Tumma, Neehal (School: Port Huron Northern High School)
Burkholderia cenocepacia is a multi-drug resistant bacteria, prevalent in fatal pulmonary infections associated with cystic fibrosis. It uses signaling molecules known as Burkholderia Diffusible Signaling Factors (BDSF) which bind protein RpfR during quorum sensing - a process that coordinates virulence. This project characterizes the activity of RpfR homologues in Burkholderia cenocepacia (BcRpfR), Cronobacter turicensis (CtRpfR) and Escherichia coli (EcRpfR) to identify the role of BDSF in various aspects of RpfR activity, examine the role of RpfR in Burkholderia pathogenesis and ascertain protein interactions involving RpfR. Via mechanistic studies employing RpfR mutants containing mutations in the PAS, GGDEF and EAL domains, a new model for RpfR has been created. Specifically, it was identified that the trans isomer of BDSF, lauric acid, does not affect CtRpfR and EcRpfR activity. Furthermore, basal levels of DGC activity were attributed to CtRpfR while EcRpfR’s GGDEF domain proved to be inactive. Upon addition of BDSF, CtRpfR exhibits heightened PDE activity and an upregulation in the expression of swarming motility genes, while EcRpfR remains unresponsive. Closer inspection of BDSF-RpfR binding led to the identification of two novel bindings sites, NA (120-126) and NA2 (139 -157). In addition, BcRpfR mutants Y355D and A106P exhibited heightened levels of DGC and PDE activity, indicating the importance of RpfR in Burkholderia pathogenesis. Finally, novel evidence of the N-terminal domain moderating fatty acid cleavage during RpfF-RpfR interaction has been shown. This project has illuminated key aspects of RpfR activity and identified multiple novel sites for drug intervention in the BDSF quorum sensing pathway.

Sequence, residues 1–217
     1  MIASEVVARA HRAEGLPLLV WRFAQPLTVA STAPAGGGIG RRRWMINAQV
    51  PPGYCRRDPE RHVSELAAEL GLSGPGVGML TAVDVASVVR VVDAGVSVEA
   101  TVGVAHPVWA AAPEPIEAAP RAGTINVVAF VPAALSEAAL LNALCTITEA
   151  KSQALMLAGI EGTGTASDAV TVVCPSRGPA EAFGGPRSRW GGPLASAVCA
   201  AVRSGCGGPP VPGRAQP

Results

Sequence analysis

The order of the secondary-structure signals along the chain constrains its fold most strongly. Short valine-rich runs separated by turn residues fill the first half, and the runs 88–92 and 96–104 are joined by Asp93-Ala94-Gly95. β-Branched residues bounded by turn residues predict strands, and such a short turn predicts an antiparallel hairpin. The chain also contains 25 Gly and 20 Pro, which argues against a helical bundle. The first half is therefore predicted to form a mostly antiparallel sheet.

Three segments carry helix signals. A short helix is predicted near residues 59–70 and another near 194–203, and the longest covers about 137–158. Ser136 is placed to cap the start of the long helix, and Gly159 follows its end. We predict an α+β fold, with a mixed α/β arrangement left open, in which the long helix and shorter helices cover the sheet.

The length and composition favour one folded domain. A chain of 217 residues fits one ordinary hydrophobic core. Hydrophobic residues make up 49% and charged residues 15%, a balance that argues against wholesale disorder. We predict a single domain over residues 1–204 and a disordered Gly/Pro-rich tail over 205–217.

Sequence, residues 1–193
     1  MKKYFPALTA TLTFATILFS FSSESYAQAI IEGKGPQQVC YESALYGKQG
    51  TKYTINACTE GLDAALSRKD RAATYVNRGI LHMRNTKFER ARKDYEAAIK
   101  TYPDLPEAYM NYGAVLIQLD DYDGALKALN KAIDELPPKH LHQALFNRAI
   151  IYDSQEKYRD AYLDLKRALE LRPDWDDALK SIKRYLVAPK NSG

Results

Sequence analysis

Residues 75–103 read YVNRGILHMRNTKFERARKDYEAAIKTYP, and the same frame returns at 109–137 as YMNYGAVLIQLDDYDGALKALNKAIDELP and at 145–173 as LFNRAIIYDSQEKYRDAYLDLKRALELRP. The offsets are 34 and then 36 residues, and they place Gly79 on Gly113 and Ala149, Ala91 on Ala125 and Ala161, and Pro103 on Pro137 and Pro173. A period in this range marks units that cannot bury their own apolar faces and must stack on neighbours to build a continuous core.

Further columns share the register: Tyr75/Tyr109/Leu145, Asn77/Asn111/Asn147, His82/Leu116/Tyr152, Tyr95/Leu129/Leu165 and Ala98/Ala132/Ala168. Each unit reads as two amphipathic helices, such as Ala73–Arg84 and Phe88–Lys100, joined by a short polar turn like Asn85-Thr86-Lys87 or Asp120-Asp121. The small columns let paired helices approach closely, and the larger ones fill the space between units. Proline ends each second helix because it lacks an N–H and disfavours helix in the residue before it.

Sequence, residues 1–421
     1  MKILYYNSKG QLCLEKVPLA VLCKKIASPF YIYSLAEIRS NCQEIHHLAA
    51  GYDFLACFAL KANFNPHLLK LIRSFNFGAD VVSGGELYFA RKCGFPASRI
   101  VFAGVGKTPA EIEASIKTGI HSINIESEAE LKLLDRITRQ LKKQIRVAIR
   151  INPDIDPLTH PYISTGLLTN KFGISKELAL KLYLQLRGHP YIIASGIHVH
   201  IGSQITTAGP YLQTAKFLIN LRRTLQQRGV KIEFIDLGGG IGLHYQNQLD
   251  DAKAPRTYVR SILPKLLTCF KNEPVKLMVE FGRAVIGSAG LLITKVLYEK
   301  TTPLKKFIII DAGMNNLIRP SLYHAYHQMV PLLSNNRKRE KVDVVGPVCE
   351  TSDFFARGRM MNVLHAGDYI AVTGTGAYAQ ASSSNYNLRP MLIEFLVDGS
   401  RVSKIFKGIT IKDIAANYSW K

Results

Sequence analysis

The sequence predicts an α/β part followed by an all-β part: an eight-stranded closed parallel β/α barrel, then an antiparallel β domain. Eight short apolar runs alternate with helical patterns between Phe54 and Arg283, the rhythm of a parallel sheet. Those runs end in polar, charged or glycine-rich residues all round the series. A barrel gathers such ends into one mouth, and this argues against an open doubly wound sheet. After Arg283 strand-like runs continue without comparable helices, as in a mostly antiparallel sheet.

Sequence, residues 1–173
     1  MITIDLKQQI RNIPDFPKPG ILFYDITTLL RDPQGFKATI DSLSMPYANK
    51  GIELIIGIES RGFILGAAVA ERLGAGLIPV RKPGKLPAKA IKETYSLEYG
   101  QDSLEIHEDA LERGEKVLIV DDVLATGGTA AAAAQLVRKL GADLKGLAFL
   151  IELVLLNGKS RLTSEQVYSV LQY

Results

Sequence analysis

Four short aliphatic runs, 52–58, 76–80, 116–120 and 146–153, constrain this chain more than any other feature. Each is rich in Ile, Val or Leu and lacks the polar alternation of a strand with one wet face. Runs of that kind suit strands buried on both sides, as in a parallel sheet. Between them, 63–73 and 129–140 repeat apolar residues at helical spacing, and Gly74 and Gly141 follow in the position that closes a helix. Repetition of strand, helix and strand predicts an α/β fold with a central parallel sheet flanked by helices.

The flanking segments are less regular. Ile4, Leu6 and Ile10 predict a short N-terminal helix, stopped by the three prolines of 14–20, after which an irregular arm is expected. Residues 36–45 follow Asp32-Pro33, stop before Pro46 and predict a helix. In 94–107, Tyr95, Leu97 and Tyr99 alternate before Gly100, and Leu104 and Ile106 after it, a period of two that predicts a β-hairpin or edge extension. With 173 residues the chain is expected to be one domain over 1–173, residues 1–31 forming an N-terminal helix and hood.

Third Award of $1,000